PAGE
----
Abdominal Pain - Timely Diagnosis
William C. Shiel Jr., MD, FACP, FACR
William C. Shiel Jr., MD, FACP, FACR
Dr. Shiel received a Bachelor of Science degree with honors from the University of Notre Dame. There he was involved in research in radiation biology and received the Huisking Scholarship. After graduating from St. Louis University School of Medicine, he completed his Internal Medicine residency and Rheumatology fellowship at the University of California, Irvine. He is board-certified in Internal Medicine and Rheumatology.
When a medical problem comes on quickly or occurs periodically over a longer period, it is often best to move quickly and make a diagnosis while symptoms are still present; the more serious the problem, the greater the urgency. Nevertheless, urgency should never replace careful and complete diagnostic testing, as is illustrated by a recent experience.
I was asked to see a patient, a young man in his late twenties, who for several years had been having episodes of abdominal pain. There was nothing very distinctive about the pain except that it would last from hours to one or two days and then disappear. During the episodes, he would not eat; he also noted some nausea. He had visited an emergency room once, but only limited testing had been done, and no diagnosis was made. At a later time, he had been seen by a gastroenterologist who had performed an upper gastrointestinal endoscopy. No abnormalities were found by endoscopy.
The patient was healthy except for the bouts of abdominal pain. Despite discussing his medical history in detail and examining him, I could find no clues to the cause of his problem. Since the episodes always resolved completely, I thought the best course of action would be to see him during an episode of pain. By examining the patient during an episode, I hoped to be able to decide on the best diagnostic course.
It took almost 12 months, but finally, early one morning I got a call from the patient. A typical episode of abdominal pain was beginning. I told him to have someone drive him to my office where I'd meet him. When we met, he was in severe pain, and his abdomen was very tender to the touch. I had not expected such severity and was a bit puzzled. Fortunately, I shared the office with a general surgeon who was used to dealing with abdominal emergencies. He also was impressed by the severity of the episode and recommended that the patient be sent to the emergency room. He was concerned that surgery might be required and also felt that diagnostic testing could be expedited from the emergency room.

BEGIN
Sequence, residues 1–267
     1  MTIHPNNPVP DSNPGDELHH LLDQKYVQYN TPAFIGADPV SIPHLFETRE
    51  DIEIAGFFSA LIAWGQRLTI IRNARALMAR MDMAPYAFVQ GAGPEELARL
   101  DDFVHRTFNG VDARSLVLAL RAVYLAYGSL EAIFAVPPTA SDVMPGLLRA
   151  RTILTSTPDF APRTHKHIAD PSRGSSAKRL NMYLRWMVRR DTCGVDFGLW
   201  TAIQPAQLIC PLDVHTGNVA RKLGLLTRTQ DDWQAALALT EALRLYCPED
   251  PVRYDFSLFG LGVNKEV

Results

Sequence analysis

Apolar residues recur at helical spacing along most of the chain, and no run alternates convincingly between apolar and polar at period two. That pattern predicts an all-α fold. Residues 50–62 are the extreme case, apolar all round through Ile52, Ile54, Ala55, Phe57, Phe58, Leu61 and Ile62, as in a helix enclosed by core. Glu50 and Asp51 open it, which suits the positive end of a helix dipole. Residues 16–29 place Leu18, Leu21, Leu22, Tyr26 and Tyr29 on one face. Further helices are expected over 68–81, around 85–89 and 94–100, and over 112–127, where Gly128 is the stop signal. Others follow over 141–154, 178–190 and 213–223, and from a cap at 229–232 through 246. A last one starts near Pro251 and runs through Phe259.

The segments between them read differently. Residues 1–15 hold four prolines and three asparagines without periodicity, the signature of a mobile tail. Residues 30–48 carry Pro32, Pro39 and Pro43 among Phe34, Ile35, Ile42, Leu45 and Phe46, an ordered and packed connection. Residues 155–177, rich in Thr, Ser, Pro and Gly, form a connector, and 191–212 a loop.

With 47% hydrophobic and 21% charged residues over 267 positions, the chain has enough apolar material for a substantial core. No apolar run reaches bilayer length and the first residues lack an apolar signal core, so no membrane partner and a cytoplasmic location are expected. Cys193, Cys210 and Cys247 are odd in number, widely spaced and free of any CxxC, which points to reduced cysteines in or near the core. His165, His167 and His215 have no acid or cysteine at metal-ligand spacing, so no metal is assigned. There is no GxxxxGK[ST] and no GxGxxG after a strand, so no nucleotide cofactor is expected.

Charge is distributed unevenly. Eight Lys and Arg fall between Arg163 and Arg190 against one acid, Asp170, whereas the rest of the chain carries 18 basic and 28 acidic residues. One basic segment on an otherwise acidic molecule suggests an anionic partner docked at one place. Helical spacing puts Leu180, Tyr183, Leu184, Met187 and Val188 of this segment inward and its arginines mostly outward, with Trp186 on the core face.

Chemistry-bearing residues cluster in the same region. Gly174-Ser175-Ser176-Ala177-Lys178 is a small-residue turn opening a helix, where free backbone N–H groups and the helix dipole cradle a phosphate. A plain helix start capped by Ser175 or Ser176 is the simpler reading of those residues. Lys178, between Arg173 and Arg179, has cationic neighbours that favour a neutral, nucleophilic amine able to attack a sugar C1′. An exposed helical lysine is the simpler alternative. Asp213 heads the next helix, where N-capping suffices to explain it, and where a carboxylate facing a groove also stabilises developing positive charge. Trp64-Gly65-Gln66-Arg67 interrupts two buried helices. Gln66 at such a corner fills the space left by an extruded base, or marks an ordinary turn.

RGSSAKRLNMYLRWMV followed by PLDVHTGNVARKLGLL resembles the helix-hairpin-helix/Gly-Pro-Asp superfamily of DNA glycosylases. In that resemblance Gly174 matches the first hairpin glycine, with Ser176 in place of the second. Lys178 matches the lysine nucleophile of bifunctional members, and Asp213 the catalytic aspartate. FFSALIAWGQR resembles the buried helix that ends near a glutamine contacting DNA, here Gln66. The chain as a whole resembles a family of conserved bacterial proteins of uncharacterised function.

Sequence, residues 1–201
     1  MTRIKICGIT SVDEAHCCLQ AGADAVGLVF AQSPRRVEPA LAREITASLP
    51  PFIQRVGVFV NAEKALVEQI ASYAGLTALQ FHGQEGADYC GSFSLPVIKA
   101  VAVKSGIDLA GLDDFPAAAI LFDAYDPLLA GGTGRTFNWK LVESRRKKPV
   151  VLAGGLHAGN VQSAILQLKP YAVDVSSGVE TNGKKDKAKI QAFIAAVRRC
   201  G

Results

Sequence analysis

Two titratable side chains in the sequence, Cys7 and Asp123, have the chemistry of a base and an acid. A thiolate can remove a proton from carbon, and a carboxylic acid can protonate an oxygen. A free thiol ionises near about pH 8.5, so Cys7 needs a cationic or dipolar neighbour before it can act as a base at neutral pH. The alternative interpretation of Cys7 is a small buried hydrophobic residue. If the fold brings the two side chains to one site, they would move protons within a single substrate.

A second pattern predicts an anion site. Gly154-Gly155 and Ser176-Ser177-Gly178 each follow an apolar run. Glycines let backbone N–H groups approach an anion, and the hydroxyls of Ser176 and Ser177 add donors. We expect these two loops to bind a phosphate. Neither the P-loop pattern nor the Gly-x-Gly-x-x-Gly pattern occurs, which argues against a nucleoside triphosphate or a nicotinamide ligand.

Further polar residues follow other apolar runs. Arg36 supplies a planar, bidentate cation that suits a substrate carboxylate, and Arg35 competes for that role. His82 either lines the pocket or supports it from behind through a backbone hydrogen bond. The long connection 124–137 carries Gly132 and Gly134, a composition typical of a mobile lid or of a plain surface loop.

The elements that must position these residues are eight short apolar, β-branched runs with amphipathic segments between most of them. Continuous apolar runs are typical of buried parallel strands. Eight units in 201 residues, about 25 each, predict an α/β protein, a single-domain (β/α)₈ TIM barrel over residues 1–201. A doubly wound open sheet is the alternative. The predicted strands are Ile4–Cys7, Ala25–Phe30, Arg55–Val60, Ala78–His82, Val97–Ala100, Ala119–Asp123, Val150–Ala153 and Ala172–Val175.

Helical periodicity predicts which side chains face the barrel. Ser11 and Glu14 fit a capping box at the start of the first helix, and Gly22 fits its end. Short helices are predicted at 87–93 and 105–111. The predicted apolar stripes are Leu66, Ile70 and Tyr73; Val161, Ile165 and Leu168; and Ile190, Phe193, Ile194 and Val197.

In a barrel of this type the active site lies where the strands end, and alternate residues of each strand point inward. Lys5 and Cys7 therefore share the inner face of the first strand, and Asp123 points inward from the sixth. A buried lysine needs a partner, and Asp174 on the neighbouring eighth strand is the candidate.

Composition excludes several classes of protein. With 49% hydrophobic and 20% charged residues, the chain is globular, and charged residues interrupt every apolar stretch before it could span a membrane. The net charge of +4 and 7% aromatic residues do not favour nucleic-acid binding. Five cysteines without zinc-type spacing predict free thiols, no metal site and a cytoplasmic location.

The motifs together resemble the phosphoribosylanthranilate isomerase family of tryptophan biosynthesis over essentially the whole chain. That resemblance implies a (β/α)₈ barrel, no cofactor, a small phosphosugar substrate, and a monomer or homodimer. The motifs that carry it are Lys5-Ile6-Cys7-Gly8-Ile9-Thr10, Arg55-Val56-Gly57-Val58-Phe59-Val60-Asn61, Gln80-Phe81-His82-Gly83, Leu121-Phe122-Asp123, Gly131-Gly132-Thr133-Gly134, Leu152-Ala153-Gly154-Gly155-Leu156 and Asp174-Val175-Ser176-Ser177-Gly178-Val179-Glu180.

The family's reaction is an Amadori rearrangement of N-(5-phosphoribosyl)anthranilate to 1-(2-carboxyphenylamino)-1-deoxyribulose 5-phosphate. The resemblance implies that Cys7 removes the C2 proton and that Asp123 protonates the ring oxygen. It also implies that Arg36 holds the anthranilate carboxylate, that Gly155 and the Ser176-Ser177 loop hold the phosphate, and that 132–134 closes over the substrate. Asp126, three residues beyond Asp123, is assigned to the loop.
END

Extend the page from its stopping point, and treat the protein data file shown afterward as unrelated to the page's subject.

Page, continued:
In the emergency room, routine blood and urine testing were normal. There was no fever. Because of the severity of the symptoms, a CT scan was chosen as the first test. The scan was obtained quickly. It showed an area of swelling within the abdomen that was interpreted by a radiologist as a segment of the small intestine.
Several hours passed and the patient was feeling more comfortable, having been given potent medication for the pain. His abdomen was less tender. Our recommendation to the patient was that he should be admitted to the hospital for observation and further testing. The patient was very reluctant because all prior episodes, even those of equal severity, had resolved completely within a day or two. I finally struck a deal with the patient. I would agree with his going home if he promised to return early the next morning for a barium X-ray of the small intestine. (We still did not know the cause of the intestinal swelling and I hoped the X-ray would identify the cause.) I took the CT scan to the gastrointestinal radiologist who would be performing the X-ray the following day and reviewed it with him in preparation for the X-ray. (He agreed with the prior interpretation of the scan.)
The following morning, the small intestinal X-ray was performed. It was normal! The astute radiologist, however, not having found an abnormal segment of the small intestine, followed the barium not only until it entered the large intestine (colon), but as it traveled through the first part of the colon--something that is not generally done as part of a small intestinal X-ray examination. By doing so, he identified a narrowing in the middle of the colon. Clearly, the CT scan had been interpreted incorrectly.
The patient now needed a colonoscopy so that the abnormal area could be examined and biopsied. By this time, however, the patient was feeling much better and refused to return during the next day or two for a colonoscopy. I was disappointed because the opportunity to define the exact cause of the problem would be missed (as well as the chance to determine the most appropriate treatment). However, we had at least defined the exact location of the problem. This might be useful if surgery was required in the future. It also might expedite the diagnostic approach to further episodes, i.e., a prompt colonoscopy.
The most important lesson from this experience was the importance of timely, expeditious, and complete diagnostic testing. A secondary lesson was that no test (for example, CT scan) is infallible, particularly when human interpretation is involved. The final lesson was the importance of a skilled and prepared radiologist who is able to go beyond the limits of a standard X-ray examination.
REFERENCE: MedscapeReference.com. Abdominal Examination.
Last Editorial Review: 7/26/2012
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